Local cities work to combat pollution in Great Bay

Local cities work to combat pollution in Great Bay

Teddy Tauscher

The cities of Rochester, Dover and Portsmouth, N.H. have agreed to a new plan to curb pollution in the Great Bay. These three towns are responsible for about half of the nitrogen runoff into the bay. 

The new controls are partly the result of work by the Conservation Law Foundation (CLF), an environmental advocacy organization that pushed for more stringent regulation around the amount of nitrogen towns can pollute into the bay. 

According to the CLF, the three towns plan on making reasonable progress to reduce nitrogen runoff. These changes would include fertilizer modifications, oyster bed restoration and new catch basins. 

Melissa Paly, the CLF Piscataqua waterkeeper said nitrogen is the worst pollutant in the bay, the reason being a process called eutrophication. This process causes excess algae blooms which can block out the sun and lead to low levels of oxygen in the water.  

The New Hampshire group was inspired by a group of fishermen and lawyers who decided to try to clean up Hudson Bay, said Paly. “This fledgling group of fisherman and an attorney called themselves the Hudson River Keepers and it became a model for how people who are from a place and use a place become advocates for that place and it kind of became a movement,” said Paly. Nowadays there are hundreds of waterkeepers around the world. 

The health of the Bay can be measured by the amount of Eelgrass in the estuary, said Paly. “We have lost about half of the acreage of the eelgrass in the estuary. Where we used to have lots of meadows of this plant carpeting the bottom we have either bare ground or ground that is covered by seaweed or algae and other plants that don’t provide the same kind of function,” said Paly.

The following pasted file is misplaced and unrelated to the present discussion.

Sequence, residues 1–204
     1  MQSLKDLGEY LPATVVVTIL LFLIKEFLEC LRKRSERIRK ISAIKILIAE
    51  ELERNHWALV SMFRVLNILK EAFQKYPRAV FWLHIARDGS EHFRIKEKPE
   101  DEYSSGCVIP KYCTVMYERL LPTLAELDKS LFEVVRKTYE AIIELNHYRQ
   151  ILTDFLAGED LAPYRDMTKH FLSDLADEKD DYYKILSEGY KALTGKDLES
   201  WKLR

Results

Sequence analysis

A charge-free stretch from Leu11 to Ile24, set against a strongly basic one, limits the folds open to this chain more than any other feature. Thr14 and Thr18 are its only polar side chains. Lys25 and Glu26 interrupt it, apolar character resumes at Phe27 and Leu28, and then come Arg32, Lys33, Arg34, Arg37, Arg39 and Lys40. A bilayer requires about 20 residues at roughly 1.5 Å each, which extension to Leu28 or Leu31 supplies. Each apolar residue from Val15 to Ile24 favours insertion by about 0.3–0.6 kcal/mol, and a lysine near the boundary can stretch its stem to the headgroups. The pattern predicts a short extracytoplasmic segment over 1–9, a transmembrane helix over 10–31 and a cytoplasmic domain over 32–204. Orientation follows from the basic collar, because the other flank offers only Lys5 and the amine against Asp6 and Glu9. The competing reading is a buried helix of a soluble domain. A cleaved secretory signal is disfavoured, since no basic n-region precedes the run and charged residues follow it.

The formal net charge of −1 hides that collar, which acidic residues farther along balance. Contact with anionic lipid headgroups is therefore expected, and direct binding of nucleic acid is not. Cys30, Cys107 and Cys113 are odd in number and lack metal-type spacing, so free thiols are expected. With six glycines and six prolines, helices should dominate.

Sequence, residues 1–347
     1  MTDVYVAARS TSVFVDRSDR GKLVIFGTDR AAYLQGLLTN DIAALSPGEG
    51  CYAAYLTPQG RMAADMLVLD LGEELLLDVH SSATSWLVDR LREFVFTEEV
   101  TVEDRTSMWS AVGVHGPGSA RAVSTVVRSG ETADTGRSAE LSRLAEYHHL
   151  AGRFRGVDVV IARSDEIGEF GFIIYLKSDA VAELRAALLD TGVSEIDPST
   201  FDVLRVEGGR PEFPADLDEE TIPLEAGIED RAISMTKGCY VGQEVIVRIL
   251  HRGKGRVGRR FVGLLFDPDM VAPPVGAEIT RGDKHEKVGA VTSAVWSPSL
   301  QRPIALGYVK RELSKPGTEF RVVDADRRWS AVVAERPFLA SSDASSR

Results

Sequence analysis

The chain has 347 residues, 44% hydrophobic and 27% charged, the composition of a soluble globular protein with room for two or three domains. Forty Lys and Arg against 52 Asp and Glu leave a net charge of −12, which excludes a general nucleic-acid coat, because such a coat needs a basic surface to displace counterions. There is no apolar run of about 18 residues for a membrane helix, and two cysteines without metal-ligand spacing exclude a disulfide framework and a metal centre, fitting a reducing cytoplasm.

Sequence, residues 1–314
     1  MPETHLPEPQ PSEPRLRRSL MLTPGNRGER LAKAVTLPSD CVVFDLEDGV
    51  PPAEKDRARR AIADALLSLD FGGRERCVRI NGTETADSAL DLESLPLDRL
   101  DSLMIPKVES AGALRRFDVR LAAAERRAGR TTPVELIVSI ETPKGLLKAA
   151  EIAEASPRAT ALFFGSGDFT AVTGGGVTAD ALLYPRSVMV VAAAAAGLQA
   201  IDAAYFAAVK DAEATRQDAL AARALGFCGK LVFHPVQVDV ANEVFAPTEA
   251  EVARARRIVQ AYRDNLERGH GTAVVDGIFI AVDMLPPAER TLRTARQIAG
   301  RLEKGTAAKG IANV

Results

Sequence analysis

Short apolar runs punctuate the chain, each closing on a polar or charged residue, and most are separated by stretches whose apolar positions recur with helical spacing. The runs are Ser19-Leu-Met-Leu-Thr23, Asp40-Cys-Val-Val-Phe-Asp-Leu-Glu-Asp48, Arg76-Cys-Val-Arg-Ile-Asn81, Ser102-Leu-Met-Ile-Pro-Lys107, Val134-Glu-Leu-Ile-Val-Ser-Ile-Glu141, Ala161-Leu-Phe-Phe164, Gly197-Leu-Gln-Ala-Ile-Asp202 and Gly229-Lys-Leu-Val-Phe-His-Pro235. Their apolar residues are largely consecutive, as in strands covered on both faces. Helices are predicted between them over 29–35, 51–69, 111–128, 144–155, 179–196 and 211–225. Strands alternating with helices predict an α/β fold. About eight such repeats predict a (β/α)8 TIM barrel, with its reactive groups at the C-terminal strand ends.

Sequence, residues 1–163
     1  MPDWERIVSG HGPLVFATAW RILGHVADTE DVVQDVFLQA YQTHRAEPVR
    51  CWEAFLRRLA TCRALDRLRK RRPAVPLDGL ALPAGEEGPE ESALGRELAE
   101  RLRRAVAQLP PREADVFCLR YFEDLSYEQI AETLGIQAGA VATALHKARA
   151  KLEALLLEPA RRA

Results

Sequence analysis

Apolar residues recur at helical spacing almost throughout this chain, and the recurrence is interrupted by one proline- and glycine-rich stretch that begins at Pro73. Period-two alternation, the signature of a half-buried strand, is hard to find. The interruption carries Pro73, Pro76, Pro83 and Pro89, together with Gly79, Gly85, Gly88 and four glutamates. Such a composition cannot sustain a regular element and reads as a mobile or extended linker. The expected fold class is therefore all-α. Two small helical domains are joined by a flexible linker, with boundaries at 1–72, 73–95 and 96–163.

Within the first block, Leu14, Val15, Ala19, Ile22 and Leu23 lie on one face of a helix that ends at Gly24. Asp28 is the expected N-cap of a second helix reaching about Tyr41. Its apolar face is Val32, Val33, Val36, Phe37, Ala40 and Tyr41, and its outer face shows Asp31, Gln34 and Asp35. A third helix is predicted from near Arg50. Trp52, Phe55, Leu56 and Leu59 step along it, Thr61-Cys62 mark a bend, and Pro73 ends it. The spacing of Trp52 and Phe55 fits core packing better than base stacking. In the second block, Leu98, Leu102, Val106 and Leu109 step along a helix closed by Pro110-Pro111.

Michael Joyal, Dover city manager said that the towns would be working together to decrease pollutants. “We have brought together and Dover is supporting a coalition of communities to make a variety of stormwater and wastewater improvements using best management practices that will help to reduce the flow of nutrients and other pollutants into the Great Bay estuary.” said Joyal. This cooperation takes the form of bi-yearly meetings between the towns, said Joyal.  

The cooperation is exemplified by the permits the EPA has issued. “The Great Bay permit is unusual because it covers a group of 13 treatment plants, rather than a single facility; however, it is not the only permit to do so. Another example is a permit issued by Connecticut that includes nitrogen limits for a number of wastewater treatment plants in the Long Island Sound watershed.” said Ken Moraff, director of the Water Division at EPA Region 1. 

Blaine Cox is the city manager of Rochester and broke nitrogen pollution into two categories: point and non-point, which are the main sources of nitrogen runoff into the bay as a result of human activity. Point source in Dover, said Cox, is caused by the outfall from the water treatment plant. Non-point  comes from rainwater runoff. 

While the cities and towns around Great Bay are making an effort to reduce pollution into the estuary, Paly said individuals can help too. “If you are a homeowner or a renter think very carefully about how you use the land around your house, what you put on the lawn,” said Paly.  “Fertilizer, pesticides it all goes somewhere.”   

Photo courtesy of NHPR.